Several studies have suggested that, in higher primates, nociceptive somatosensory information is processed in parallel in the primary (S1) and secondary (S2) somatosensory cortices, whereas non-nociceptive somatosensory input is processed serially from S1 to S2. However, evidence suggesting that both nociceptive and non-nociceptive somatosensory inputs are processed in parallel in S1 and S2 also exists. Here, we aimed to clarify whether or not the hierarchical organization of nociceptive and non-nociceptive somatosensory processing in S1 and S2 differs in humans. To address this question, we applied dynamic causal modeling and Bayesian model selection to functional magnetic resonance imaging (fMRI) data collected during the selective stimulation of nociceptive and non-nociceptive somatosensory afferents in humans. This novel approach allowed us to explore how nociceptive and non-nociceptive somatosensory information flows within the somatosensory system. We found that the neural activities elicited by both nociceptive and non-nociceptive somatosensory stimuli are best explained by models in which the fMRI responses in both S1 and S2 depend on direct thalamocortical projections. These observations indicate that, in humans, both nociceptive and non-nociceptive information are processed in parallel in S1 and S2.
The pivotal role of the primary (S1) and secondary (S2) somatosensory cortices in the central processing of both nociceptive and non-nociceptive somatosensory information is well established (Mountcastle, 2005). There is compelling anatomical evidence from primates that S1 and S2 are reciprocally connected through extensive corticocortical projection neurons arising from superficial layers (I–III) (Friedman et al., 1980; Burton and Carlson, 1986; Pons and Kaas, 1986; Kandel et al., 2010). Importantly, both S1 and S2 receive direct projections from multiple thalamic nuclei such as the ventral posterior nucleus (VP) (including ventral posterior lateral and ventral posterior medial nuclei), the ventral posterior inferior nucleus (VPI), and the centrolateral nucleus (CL) (Jones and Leavitt, 1974; Burton and Jones, 1976; Friedman and Murray, 1986; Krubitzer and Kaas, 1992; Jones, 1998). All these nuclei relay nociceptive and non-nociceptive somatosensory inputs to both S1 and S2 (Gingold et al., 1991; Shi et al., 1993; Stevens et al., 1993). However, whether nociceptive and non-nociceptive somatosensory inputs are processed differently in S1 and S2 remains a matter of debate (Allison et al., 1989a; Pons et al., 1992; Rowe et al., 1996; Bushnell et al., 1999; Karhu and Tesche, 1999; Ploner et al., 1999), although recent evidence has suggested that, in higher primates including humans, the hierarchy of their cortical processing in S1 and S2 may be fundamentally different (Ploner et al., 1999; Apkarian et al., 2005).
In lower primates, several studies have shown that non-nociceptive somatosensory information is transmitted from the thalamus to both S1 and S2 via segregated thalamocortical pathways, thus indicating a parallel processing of non-nociceptive somatosensory input in S1 and S2 (Garraghty et al., 1991; Turman et al., 1992). In contrast, the processing of non-nociceptive somatosensory input in higher primates and humans remains, at present, a matter of debate (Rowe et al., 1996; Iwamura, 1998). A number of studies have suggested that non-nociceptive somatosensory input is processed serially from S1 to S2 (i.e., from the thalamus to S1, and then from S1 to S2) (Allison et al., 1989a,b; Pons et al., 1992; Hari et al., 1993; Mima et al., 1998; Schnitzler et al., 1999; Inui et al., 2004; Ploner et al., 2009). This difference in hierarchical organization has been interpreted as the result of an evolutionary shift from a phylogenetically older parallel organization to a more recent serial organization of somatosensory processing in S1 and S2 (Mountcastle, 2005). However, a small number of studies have suggested the opposite: that, even in higher primates, non-nociceptive somatosensory input is processed in parallel in S1 and S2 (Rowe et al., 1996; Zhang et al., 1996, 2001; Karhu and Tesche, 1999).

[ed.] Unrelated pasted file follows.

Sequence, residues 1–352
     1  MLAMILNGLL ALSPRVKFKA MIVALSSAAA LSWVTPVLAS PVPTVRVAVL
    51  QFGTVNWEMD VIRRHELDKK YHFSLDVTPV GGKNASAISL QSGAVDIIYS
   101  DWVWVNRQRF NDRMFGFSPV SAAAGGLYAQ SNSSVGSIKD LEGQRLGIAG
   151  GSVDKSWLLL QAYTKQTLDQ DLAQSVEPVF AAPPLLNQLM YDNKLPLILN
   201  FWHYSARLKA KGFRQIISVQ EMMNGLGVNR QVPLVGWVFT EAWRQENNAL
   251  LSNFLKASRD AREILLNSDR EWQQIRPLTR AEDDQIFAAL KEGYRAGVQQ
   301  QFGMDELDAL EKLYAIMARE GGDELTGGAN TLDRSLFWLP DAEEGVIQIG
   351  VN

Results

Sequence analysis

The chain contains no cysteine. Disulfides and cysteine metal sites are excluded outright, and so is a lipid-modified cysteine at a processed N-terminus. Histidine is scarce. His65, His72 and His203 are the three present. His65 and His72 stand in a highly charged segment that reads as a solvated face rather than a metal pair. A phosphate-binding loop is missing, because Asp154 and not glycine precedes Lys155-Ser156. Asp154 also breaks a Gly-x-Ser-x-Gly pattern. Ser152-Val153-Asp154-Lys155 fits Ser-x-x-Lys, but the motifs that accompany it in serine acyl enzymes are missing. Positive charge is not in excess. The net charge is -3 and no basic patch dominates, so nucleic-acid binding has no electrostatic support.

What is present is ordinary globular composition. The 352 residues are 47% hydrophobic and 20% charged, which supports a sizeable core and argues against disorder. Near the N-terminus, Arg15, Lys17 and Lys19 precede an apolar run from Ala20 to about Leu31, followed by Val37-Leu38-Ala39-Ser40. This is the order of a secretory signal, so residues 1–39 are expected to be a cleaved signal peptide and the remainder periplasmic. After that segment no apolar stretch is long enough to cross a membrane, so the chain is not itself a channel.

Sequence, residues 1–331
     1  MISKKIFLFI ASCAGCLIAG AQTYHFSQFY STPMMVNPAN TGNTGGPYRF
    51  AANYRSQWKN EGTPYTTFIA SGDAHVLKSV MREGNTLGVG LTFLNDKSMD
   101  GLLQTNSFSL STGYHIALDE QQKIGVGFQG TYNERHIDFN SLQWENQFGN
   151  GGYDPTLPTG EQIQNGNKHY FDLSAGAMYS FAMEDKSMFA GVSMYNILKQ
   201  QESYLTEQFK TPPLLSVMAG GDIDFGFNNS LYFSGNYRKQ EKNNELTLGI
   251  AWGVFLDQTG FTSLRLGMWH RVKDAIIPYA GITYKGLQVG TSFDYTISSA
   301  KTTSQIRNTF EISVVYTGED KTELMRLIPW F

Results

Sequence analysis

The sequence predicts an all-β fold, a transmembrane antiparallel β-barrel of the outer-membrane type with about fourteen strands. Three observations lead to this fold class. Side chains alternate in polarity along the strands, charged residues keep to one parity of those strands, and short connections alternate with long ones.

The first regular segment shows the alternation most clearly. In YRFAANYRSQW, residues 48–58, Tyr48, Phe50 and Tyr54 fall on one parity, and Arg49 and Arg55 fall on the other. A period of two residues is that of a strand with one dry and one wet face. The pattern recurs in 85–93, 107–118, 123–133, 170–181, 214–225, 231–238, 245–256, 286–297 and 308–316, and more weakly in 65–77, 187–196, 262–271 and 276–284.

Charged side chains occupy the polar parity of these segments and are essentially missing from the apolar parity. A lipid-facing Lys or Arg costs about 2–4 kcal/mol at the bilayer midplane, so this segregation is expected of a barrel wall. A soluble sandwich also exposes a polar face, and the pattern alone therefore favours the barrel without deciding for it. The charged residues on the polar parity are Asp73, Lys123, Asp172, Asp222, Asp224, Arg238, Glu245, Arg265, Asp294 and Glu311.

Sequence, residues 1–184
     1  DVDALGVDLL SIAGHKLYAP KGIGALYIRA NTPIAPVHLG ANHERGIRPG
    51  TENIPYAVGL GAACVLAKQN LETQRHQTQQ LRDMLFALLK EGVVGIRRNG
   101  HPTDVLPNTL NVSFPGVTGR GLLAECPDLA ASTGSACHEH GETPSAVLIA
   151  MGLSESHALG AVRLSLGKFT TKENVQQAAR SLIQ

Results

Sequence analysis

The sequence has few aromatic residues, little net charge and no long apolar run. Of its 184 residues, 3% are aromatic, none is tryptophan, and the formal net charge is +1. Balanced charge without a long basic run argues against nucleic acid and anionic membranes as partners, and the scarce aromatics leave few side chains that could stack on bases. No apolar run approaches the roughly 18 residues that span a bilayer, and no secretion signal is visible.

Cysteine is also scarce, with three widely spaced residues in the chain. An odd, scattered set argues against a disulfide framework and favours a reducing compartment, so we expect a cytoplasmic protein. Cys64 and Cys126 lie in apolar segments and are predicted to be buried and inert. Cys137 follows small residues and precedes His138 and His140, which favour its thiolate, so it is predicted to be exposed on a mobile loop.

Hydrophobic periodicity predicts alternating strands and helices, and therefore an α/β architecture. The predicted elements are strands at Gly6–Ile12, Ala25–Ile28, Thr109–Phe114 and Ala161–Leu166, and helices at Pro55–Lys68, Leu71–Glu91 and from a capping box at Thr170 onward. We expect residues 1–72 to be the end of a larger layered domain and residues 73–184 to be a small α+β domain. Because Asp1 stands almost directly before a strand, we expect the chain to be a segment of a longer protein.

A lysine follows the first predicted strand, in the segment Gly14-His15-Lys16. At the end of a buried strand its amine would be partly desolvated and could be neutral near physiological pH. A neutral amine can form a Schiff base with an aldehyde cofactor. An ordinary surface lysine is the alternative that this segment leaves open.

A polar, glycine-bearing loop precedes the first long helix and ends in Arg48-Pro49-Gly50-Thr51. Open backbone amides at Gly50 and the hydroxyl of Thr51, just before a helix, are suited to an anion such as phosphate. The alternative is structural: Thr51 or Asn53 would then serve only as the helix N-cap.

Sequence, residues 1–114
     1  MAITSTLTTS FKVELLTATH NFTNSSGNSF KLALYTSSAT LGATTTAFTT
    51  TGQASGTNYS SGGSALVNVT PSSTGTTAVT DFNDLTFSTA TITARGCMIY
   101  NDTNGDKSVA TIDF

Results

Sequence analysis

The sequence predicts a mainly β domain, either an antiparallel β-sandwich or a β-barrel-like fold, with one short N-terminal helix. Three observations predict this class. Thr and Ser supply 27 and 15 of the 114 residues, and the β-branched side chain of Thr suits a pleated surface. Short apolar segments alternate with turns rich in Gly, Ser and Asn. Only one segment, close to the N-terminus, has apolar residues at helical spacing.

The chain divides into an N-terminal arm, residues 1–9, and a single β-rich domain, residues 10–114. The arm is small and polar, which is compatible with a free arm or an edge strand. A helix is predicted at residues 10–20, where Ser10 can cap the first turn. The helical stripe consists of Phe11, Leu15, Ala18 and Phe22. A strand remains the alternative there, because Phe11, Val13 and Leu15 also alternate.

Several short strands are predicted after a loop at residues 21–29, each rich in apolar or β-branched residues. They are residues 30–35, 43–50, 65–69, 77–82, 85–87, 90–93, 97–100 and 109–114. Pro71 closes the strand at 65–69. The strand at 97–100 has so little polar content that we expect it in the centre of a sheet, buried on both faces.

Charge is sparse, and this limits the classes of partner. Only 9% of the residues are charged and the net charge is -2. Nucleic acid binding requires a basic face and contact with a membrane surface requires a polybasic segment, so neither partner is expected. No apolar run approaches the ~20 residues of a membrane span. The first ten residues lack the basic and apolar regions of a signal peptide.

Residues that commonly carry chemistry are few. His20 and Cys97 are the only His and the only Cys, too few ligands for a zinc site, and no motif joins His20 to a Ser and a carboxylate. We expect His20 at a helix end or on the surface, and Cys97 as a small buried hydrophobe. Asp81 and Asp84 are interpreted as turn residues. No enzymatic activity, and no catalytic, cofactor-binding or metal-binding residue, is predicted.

In contrast with the large body of evidence investigating the serial versus parallel processing of non-nociceptive somatosensory input in S1 and S2 in higher primates, only few studies, all relying on magnetoencephalography, have suggested a parallel processing of nociceptive somatosensory input in S1 and S2 in humans (Ploner et al., 1999; Kanda et al., 2000).
Hence, additional evidence is needed to clarify whether in humans (1) the cortical processing of non-nociceptive input in S1 and S2 is serial or parallel, and (2) whether the organization of nociceptive and non-nociceptive somatosensory processing in S1 and S2 truly differs. In the present study, we addressed these two questions by applying dynamic causal modeling (DCM) and Bayesian model selection (BMS) to functional magnetic resonance imaging (fMRI) data collected during the selective stimulation of Aβ (non-nociceptive) and Aδ (nociceptive) somatosensory afferents in humans. This novel approach allowed exploring a specific aspect of the physiological information contained in the blood oxygen level-dependent (BOLD) fMRI time series (i.e., how nociceptive and non-nociceptive somatosensory information flows within the somatosensory system).
Materials and Methods
Fourteen healthy right-handed volunteers took part in the study (six females and eight males; aged 20–36 years). All participants gave written informed consent, and the experimental procedures were approved by the local ethics committee.
Experimental design and data acquisition.